Ray McClanahan, D.P.M.
Since much of the current treatment for foot and ankle disorders is centered on supporting the arch, we thought it would be helpful to discuss what arch support really means and discuss whether it is necessary or desired in the active foot.
In order to understand the treatment of rendering arch support, one must understand the architectural principle of an arch, and liken that principle to the multitude of arches that naturally occur in the human foot. When you study the structure of the foot and the shapes of the bones of the foot, you quickly realize that most of the weight-bearing bones of the foot, are indeed arches themselves by being shaped to have support ends at either end of the bone and an open space or boney arch in between the support ends of the bones. For the purposes of the current discussion, we will concentrate on what might be considered one of the primary arches of the foot, sometimes called the medial (inside of the foot) longitudinal arch, the arch that spans between the rearfoot or heel bone and the forefoot or ball of the foot and toes.
Webster’s dictionary defines an arch as “a curved structure that supports the weight of material over an open space.”
Said another way, an arch is a structure that is able to support weight over an open space, by providing support on either end of that open space.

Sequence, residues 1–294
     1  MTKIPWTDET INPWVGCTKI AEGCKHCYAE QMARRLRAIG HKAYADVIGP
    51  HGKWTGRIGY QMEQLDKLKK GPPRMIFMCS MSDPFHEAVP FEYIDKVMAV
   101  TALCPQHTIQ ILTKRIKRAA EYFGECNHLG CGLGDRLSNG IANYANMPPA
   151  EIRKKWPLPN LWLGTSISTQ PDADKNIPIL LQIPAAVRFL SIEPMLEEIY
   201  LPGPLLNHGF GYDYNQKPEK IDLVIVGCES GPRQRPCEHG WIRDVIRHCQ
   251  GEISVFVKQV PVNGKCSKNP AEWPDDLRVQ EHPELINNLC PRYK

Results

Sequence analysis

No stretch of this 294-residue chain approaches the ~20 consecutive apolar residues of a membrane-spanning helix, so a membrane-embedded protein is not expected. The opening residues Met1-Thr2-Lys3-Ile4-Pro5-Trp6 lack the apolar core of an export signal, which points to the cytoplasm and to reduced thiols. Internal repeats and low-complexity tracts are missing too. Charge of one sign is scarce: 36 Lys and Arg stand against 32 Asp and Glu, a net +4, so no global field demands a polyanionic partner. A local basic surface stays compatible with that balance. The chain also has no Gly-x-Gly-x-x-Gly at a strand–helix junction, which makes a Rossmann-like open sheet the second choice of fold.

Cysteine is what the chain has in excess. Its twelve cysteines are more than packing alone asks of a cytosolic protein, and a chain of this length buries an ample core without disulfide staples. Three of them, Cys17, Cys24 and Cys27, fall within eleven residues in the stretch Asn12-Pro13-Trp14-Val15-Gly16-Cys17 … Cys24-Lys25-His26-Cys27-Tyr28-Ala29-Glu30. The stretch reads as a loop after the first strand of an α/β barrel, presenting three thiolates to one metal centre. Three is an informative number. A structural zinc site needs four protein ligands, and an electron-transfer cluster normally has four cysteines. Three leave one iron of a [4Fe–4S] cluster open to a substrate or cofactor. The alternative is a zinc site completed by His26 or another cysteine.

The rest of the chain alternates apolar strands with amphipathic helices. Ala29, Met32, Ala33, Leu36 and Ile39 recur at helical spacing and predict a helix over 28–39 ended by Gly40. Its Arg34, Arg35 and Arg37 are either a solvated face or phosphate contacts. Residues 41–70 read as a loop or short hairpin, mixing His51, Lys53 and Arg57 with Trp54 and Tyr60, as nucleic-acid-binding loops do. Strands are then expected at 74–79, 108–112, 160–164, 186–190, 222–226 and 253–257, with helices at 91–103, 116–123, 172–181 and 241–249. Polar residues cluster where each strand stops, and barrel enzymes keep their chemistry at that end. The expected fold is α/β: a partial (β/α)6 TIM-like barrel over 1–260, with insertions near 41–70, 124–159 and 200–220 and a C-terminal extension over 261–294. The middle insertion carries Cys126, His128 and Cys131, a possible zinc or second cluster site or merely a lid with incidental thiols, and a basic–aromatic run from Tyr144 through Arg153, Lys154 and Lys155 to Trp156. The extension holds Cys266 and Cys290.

Applying this logical definition to the arches of the foot necessitates support on either end of the arch, and is exactly the opposite of the type of “arch support” that is available to consumers, either over the counter (i.e. Dr. Scholl’s or similar product), or from their healthcare professional (footbed, arch support, orthotic). These products attempt to “support” the arch, not by supporting the ends of the foot arch, but rather by lifting up under the open space of the foot arch. This does not make sense.
True support of the arches of the foot would suggest that the ends of the arches, on either end of the foot’s open space, are the structures to be supported. This would mean that the heel and the forefoot joints (metatarsophalangeal joints and interphalangeal joints) are the structures that should be supported and not the structures in between the ends of the arch.
As was mentioned above, current commercially available “arch supports” (which, by the way, are packaged under a number of names – arch support, footbed, orthotics, etc.) push up under the open space of the foot arch and not up under the ends. Many people feel a positive influence on their posture and walking comfort when wearing the current type of arch support, but this is not because they have a problem foot, but rather, because nearly all footwear that is available to today’s consumer expects the wearer to function well while walking on a ramp (the heel is elevated higher than the forefoot) with their toes bunched together (from tapering the boxes) and the toes held above the supporting surface by footwear industry standard toe spring, which is the elevation of the ends of the toes above the ball of the foot (the metatarsophalangeal joints).